Keep the Food Alive

by Amanda Bent /
Amanda Bent's picture
Oct 21, 2014 / 0 comments

When I first moved to San Francisco four months ago, I had no idea what to expect. It’s a city, I got that much, and as with any city, there is so much to see and do around here.

But fresh from spending a year working hard and playing hard in the heart of Washington, D.C., I just came here ready to relax while I prepare for graduate school. Still, being the explorer I am, and the adventurer my sister is, we can’t help but go out every now and then to discover what this place has to offer. Knowing I take solace best in food, my sister took me to a place my foodie heart could have only dreamed of. That place is called Off the Grid.

Off the Grid truck in Oakland

Off the Grid truck in Oakland

It is not actually a place, but rather a mass market on the move; food trucks that come together to showcase the beauty of a diverse community. In this haven, one discovers the world: from the curries of India, Korean bulgogis, falafel from the Mediterranean, the sweet plantains of Puerto Rico, to a French-inspired crème brulee cart. They take you on a journey, a journey where your taste buds can try something different. With all the foods cultivated to appeal to varied palates, they are ready to satisfy any stomach’s desires—as long as other hungry bellies didn’t beat you to it.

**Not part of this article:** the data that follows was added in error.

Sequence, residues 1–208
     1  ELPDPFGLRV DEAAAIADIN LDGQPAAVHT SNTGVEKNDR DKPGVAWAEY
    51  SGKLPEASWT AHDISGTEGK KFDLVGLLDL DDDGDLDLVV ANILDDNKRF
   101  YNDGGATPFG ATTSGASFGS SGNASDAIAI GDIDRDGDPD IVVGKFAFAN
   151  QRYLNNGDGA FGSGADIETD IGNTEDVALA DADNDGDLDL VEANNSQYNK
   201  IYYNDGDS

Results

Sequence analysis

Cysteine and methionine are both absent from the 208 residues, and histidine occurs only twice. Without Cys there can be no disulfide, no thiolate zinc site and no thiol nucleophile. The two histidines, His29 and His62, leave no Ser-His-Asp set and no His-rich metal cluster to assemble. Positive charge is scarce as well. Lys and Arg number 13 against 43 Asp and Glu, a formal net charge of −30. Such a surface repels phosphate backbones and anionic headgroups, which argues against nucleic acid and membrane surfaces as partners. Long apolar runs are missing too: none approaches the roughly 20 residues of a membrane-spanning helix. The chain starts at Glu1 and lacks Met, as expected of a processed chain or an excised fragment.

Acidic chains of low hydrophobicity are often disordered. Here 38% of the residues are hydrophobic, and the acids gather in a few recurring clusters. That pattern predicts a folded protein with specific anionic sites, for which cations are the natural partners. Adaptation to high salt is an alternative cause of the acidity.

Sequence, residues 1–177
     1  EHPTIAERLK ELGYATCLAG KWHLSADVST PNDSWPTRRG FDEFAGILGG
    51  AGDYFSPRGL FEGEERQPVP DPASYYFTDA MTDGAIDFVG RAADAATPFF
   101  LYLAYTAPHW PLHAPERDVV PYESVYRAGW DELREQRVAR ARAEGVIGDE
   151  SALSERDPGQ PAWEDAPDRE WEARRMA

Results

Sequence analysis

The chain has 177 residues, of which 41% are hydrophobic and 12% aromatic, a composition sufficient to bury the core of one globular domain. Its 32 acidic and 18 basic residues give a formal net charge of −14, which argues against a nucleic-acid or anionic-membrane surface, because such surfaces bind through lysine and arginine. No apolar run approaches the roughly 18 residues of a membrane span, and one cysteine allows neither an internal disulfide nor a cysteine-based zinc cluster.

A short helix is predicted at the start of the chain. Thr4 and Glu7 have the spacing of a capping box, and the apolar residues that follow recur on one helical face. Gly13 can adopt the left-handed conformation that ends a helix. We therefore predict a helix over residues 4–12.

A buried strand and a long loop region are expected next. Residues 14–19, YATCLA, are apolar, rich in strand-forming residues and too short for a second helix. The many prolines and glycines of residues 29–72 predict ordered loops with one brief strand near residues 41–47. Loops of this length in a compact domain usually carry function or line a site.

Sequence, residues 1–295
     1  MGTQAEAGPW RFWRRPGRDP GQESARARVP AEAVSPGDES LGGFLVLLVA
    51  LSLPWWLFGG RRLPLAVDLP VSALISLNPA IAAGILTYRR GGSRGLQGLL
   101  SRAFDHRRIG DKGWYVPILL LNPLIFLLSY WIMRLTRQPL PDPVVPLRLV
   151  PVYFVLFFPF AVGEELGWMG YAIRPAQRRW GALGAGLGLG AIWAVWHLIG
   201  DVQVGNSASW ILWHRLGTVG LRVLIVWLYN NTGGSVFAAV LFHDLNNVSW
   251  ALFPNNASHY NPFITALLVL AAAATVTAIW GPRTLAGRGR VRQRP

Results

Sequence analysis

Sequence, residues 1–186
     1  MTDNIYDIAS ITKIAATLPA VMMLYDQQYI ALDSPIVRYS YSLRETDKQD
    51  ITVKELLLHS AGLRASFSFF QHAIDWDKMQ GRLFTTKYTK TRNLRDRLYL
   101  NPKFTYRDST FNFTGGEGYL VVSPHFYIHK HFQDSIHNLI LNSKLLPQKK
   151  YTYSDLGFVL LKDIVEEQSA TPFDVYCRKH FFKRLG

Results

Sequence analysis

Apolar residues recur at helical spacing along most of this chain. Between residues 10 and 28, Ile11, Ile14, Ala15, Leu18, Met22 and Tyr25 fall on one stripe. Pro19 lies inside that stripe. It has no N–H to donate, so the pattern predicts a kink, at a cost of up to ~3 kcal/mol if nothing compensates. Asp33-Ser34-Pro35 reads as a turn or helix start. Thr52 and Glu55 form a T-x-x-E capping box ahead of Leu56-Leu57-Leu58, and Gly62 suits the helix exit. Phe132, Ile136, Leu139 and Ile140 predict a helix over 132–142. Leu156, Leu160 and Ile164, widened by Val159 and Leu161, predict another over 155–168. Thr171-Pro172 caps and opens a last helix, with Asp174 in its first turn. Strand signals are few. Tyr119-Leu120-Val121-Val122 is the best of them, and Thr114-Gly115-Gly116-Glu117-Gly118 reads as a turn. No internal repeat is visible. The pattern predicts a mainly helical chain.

Korean Fusion truck, Off the Grid Food Trucks, San Francisco

Trucks at Off the Grid Oakland (above and below)

Curry Up truck, Off the Grid Food Trucks, San Francisco

I myself have now been to three of the numerous market locations: two in San Francisco and the other in Oakland, which is where I went most recently. Not only did this one deliver amazing food, but also delivered pulsating music. Partnering with the Oakland Museum of California, the place was transformed by the trucks, hanging lights, a live band and a body-packed dance floor.

Dance floor at the Oakland Museum of California, Off the Grid SF

Dance floor at the Oakland Museum of California

Standing in line at Curry Up Now, my foot tapped to the beat of the music. Rhythmic sounds of a Latino group blasted from the speakers, with the singer belting out in Spanish, pumping up the crowd’s energy. After about twenty minutes in line, I finally got to the counter and requested one of their best-selling fusion items: the sexy fries. As stated on their menu, this dish is made of cross-cut sweet potato fries, queso and onions, with a choice of chicken tikka masala, paneer tikka masala, carne (beef), or vegan. My mouth watered as I pictured a spoonful of fries with the chicken tikka masala going down my throat. 

“Sorry, we’re sold out of sexy fries,” the cashier told me. “Noo!!” I cried. Feeling disgruntled, I quickly shifted my order to my second choice, something a little less fusion and a little more Indian. A kathi roll, with the flat bread paratha acting as the wrap, and shredded chicken, chutney, and onions put on the inside. After about five minutes, my number was called and I grabbed my paper box carrying the roll. I was about to join my sister in the Puerto Rican truck line when I overheard someone say that the all trucks had to stop serving at 9:00. I could not leave without trying one of the crème brulee cart concoctions, so, trying to avoid looking like a glutton, I stuffed my box inside my bag and went to the cart’s line.